Safety in Australia
In common with most of Europe and North America, Australian State Parliaments have responded to the problem of workplace illness, injury, and death by enacting legislation regulating workplace hazards. Until the 1970s and 80s, these standards were generally detailed and technical, focusing mainly on prescriptive measures such as specifying machinery guarding measures to be adopted to prevent injury to workers operating dangerous machinery. Beginning in 2008, state and federal regulations were harmonised, giving greater clarity and consistency in the legistation in effect in the various states.
Acts and regulations prior to 2012
Each State and Territory has a principal health and safety Act which sets out requirements for ensuring that workplaces are safe and healthy. These requirements spell out the general responsibilities of different groups of people who play a role in the workplace. Victoria, for example, first adopted modern occupational health and safety (OHS) legislation through the Occupational Health and Safety Act 1985. The scheme has since been renewed through the Occupational Health and Safety Act 2004.
Regulations were formulated under occupational health and safety statutes to set the standards to be achieved for the management of particular hazards such as noise, chemicals, machinery and manual handling. Reflecting the wave of occupational health and safety regulation reform that swept through Australia from the mid-1970s, following the British Robens Report, the Australian States and Territories enacted legislation that replaced the traditional style legislation with performance-based legislation imposing broad general duties, with regulations and codes generally abandoning technical, detailed, specification standards, and instead using a mix of general duties of care, performance standards and process standards. The laws generally set out hazard identification and risk identification, assessment, and control procedures.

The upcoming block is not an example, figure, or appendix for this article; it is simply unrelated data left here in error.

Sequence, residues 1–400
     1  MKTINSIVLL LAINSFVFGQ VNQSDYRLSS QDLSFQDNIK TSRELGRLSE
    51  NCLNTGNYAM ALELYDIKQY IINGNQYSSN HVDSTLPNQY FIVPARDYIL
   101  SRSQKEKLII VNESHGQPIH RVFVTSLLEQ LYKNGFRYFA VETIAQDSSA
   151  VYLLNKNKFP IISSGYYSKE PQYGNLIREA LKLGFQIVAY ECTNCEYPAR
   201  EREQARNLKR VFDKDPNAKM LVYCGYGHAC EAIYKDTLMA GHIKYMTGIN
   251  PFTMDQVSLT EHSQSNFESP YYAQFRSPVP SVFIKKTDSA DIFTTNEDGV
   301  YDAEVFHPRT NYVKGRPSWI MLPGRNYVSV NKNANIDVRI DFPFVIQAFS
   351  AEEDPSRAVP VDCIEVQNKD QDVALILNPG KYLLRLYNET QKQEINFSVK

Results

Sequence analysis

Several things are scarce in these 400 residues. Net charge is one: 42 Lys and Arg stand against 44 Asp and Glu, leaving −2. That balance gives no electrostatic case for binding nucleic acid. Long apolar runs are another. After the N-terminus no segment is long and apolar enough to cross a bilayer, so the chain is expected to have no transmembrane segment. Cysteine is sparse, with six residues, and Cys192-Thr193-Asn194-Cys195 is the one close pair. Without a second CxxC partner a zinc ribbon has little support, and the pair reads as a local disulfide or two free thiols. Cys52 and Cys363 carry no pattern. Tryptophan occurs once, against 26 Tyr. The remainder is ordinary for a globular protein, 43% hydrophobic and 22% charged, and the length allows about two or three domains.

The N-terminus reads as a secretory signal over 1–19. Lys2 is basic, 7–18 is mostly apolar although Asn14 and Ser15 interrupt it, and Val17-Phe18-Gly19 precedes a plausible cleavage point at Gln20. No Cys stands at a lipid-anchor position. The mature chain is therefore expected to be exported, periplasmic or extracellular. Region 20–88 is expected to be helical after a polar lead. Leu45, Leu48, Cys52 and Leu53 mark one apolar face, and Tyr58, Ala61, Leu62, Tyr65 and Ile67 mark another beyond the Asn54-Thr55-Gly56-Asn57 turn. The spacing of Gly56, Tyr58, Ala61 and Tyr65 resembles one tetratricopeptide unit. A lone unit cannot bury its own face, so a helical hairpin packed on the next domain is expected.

The process of harmonization commenced in July 2008 when the Australian Commonwealth, state and territory governments signed an intergovernmental agreement to agree to harmonise health and safety laws across Australia. That process resulted in a National review with over 232 recommendations submitted to workplace relations ministerial council members for approval. Following on from the review and recommendations being endorsed by ministers the National model Work Health and Safety Act was drafted and sent out for public comment in late 2009. Ministers endorsed that Act in December 2009. Following on from that process has been the development of the model regulations and codes of practice. Their intergovernmental agreement (IGA) requires each jurisdiction to implement the moral legislation as mirror laws in their jurisdiction by the first of January 2012. Essentially this means section 16 of the Queensland act should be the same as the section 16 of the Victorian act or in New South Wales.
|Queensland||1 January 2012|
|New South Wales||1 January 2012|
|Tasmania||1 January 2013|
|Northern Territory||1 January 2012|
|Australian Capital Territory||1 January 2012|
|South Australia||1 January 2013|
|Western Australia||Not Implemented|
Benefits of harmonised law
The process provides legislative clarity for all stakeholders.
Businesses gain an improved understanding of health and safety law regardless of the state they operate in and compliance costs are lower as there are fewer differing requirements, less training needs and a reduced requirement for local subject matter experts.
Governments benefit from reduced expenditure for developing health and safety law.
Codes of practice
The model WHS Act and Regulation are supported by codes of practice. Codes of Practice are developed to give practical guidance on how the requirements of the Workplace Health & Safety Act 2011 and Workplace Health & Safety Regulation 2011. Codes of Practice are very important documents; The codes of practice are admissible in court as evidence of whether a duty has been complied with. They’ll also provide evidence of what is known about a particular hazard or risk in control measures and can also be relied on determining what is reasonably practicable. Those codes of practice really set the benchmark and you can choose to follow that code or you can choose to follow another way that provides the same or better level of protection. So a good example in this respect is there is a general risk management[dead link] code of practice. You can follow that code, but if you’re a more sophisticated organisation or a larger organisation you may choose to follow the international standard on managing risk in ISO31000.